News & Opinion

2020 Masters bettors’ roundtable: Favorites, sleepers and everything else you need to know before placing your bets this week

Masters Augusta National clubhouse scene
The view at the end of Magnolia Drive in front of the Augusta National clubhouse

Morning Read contributors team with RotoWire and Buffalo Groupe writers to offer insight into the week ahead at Augusta National

Seven months late, Masters week finally has arrived.

Because of the coronavirus pandemic, golf’s most recognizable rite of spring, the Masters Tournament, shifted to the fall. Augusta National Golf Club will not allow spectators – or, patrons, in the club’s parlance – but millions of golf fans around the world have circled this week on their calendars since the event was moved from early April.

Morning Read, with RotoWire as a playing partner in this virtual roundtable, has teamed to provide insight into the event and its key performers ahead of Thursday’s first round. RotoWire’s Len Hochberg and Greg Vara, Morning Read contributors John Hawkins and Mike Purkey and Dan Wooters of Buffalo Groupe, Morning Read’s parent company, have answered some of the key questions ahead of Thursday’s first round. We hope that their insight will help get you ready for the exciting week ahead, whether you're planning to wager a few bucks on the action or just invest your time in watching.

The first fall Masters is upon us. Are you more or less intrigued with the Masters being played in the fall instead of its traditional April slot?

John Hawkins: It’s like Christmas in July, and I’m stoked, but probably more thankful it wasn’t cancelled than anything else. The Masters has a distinct spring flavor to it under normal circumstances, and that’s where it belongs. I’m intrigued, but there’s no need to make this a habit.

Len Hochberg: I'm anticipating it more, because we've all waited so long, but not really any more intrigued than if it were in April. Sure, it will be interesting to see how the course plays in November. It presumably won't happen again, so it's not a huge deal for me. I'm more interested in the myriad golfer storylines.

Mike Purkey: I’m not among those who thinks Augusta National will play appreciably different in the fall than in the spring. Temperatures for tournament days are supposed to be in the high 70s and low 80s, with some rain in the forecast. Except for the lack of azaleas and dogwoods in bloom, it looks an awful lot like April to me.

Greg Vara: More intrigued, but less excited. The Masters' April slot is perfect, it's the first major of the season after a long break, and football is still months away. I'm curious to see how the course plays in November and I am still excited, but I prefer the April slot.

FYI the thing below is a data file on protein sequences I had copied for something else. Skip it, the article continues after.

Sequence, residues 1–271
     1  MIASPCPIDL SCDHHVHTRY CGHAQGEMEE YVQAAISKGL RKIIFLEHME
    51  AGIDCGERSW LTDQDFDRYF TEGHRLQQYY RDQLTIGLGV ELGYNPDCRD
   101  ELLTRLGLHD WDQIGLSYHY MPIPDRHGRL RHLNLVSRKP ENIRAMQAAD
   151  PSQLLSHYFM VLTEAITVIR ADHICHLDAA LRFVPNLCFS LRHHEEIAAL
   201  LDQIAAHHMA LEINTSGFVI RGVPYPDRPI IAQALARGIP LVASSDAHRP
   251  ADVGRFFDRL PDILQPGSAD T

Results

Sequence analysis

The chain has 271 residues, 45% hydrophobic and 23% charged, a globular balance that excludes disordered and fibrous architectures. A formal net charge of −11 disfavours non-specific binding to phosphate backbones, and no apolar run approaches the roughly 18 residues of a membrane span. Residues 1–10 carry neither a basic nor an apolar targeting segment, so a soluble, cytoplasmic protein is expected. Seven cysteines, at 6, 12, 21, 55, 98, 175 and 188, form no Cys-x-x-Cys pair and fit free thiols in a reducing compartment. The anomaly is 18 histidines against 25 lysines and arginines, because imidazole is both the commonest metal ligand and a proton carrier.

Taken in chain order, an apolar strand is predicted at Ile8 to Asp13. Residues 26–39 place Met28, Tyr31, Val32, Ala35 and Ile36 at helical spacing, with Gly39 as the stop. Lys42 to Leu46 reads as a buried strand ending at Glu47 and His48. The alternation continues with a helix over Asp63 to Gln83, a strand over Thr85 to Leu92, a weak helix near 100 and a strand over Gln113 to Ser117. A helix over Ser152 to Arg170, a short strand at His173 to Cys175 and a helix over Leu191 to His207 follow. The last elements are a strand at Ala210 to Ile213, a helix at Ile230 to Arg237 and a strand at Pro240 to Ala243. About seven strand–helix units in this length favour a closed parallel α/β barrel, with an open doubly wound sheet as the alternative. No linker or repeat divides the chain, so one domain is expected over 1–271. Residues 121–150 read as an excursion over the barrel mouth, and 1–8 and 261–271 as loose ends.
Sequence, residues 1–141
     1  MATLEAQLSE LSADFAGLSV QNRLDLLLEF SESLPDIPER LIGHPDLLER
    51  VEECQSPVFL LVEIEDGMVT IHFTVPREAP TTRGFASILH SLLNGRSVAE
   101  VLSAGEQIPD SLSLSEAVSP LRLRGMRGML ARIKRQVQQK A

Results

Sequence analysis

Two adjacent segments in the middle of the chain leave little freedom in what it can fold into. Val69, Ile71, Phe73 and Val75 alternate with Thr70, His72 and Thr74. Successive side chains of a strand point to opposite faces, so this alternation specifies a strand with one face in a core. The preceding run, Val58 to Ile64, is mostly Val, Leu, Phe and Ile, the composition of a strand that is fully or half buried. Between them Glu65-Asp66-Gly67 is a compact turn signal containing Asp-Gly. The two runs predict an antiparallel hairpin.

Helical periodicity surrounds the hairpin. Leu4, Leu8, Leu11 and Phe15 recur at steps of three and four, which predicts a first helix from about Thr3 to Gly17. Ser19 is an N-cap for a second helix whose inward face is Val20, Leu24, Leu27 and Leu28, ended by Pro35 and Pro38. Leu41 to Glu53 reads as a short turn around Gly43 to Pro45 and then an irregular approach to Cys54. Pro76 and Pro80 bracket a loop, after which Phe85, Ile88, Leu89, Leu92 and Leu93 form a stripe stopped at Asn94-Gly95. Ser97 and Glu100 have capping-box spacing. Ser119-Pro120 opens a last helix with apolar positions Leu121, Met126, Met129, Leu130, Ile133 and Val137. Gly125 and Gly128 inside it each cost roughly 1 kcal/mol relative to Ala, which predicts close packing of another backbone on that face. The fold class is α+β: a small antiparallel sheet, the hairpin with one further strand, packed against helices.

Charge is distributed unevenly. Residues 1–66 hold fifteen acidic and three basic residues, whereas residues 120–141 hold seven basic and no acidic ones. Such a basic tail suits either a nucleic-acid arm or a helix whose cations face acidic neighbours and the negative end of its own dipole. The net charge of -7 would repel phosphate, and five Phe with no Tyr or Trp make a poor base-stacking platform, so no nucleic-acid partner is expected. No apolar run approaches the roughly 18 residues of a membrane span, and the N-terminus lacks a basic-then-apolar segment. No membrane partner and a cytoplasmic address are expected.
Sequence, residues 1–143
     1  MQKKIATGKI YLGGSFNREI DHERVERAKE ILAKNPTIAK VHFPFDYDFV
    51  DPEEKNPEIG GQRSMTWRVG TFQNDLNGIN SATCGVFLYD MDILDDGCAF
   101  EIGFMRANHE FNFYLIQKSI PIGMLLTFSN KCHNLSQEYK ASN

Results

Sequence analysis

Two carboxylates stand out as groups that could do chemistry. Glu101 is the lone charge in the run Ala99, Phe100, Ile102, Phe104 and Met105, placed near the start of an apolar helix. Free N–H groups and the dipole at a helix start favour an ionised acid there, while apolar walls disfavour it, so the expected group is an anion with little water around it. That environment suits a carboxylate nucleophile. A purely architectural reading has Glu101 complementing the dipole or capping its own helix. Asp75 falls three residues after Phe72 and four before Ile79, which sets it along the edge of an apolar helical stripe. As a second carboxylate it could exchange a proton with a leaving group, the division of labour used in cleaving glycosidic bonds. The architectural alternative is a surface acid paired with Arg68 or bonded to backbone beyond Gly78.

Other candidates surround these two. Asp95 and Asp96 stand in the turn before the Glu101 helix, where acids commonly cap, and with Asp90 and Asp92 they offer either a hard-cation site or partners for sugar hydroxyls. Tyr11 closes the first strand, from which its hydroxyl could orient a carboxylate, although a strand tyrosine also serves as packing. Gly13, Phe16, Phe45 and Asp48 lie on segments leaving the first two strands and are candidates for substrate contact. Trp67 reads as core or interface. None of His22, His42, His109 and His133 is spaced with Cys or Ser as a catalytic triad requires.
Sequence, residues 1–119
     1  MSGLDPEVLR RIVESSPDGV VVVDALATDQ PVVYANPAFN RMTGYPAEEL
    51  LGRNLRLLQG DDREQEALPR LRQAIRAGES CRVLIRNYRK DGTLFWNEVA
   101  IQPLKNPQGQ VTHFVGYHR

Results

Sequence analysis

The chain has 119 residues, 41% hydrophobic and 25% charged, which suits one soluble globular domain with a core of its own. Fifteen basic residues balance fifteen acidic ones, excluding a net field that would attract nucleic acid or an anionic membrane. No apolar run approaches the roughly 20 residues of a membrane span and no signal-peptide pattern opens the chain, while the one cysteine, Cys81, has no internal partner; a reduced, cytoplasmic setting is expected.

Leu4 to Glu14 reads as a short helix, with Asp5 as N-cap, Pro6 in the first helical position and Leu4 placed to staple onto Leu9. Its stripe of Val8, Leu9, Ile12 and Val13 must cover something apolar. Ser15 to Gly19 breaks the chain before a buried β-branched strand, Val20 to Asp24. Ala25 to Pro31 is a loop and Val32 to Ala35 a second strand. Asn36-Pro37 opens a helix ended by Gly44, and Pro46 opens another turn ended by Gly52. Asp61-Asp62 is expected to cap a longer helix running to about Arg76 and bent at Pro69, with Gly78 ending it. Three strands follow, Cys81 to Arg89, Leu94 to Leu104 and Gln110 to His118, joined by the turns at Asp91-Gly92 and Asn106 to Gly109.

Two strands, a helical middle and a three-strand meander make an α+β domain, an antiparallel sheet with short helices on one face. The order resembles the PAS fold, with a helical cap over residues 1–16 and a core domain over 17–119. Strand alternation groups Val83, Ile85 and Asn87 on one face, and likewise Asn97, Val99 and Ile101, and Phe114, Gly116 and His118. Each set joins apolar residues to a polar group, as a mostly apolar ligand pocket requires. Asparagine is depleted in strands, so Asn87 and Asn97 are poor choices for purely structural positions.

Dan Wooters: The fact that we will have a televised golf tournament from Augusta National next week probably won't hit me until the ceremonial first tee shots. I will watch every shot but be less intrigued as to when a “normal” Masters is on. Imagine if Tiger Woods finally were to have broken through this year instead of last year, in front of no spectators? One of the greatest moments in the history of sports would have fallen flat. It’s always more interesting when everyone involved can participate.

Augusta National 13th hole
The 510-yard, par-5 13th hole at Augusta (Ga.) National Golf Club

With Augusta National’s recent acquisition of land behind the 13th tee, should the 510-yard par-5 hole be lengthened?

Hawkins: Absolutely not … yet. It’s the greatest golf hole on earth because the risk/reward factor is so potent. Adding 40-50 yards would turn it into a routine three-shotter for anyone but the longest hitters, which would compromise the hole’s integrity and make it less exciting to watch. Don’t mess with perfection. Leave it alone. For now.

Hochberg: Things have not gotten completely out of hand … yet. The 13th still is a compelling and pivotal hole as is. They can make some other adjustments first, such as repositioning the tee box. Lengthening one of the iconic par 5s in golf should be a last resort. I don't think it's necessary to do it now.

Purkey: I’d rather see a huge pine tree mysteriously appear in the left corner of the dogleg. The 13th is perhaps the most exciting hole on the course, particularly on Sunday afternoon. I don’t think a new back tee makes it any better.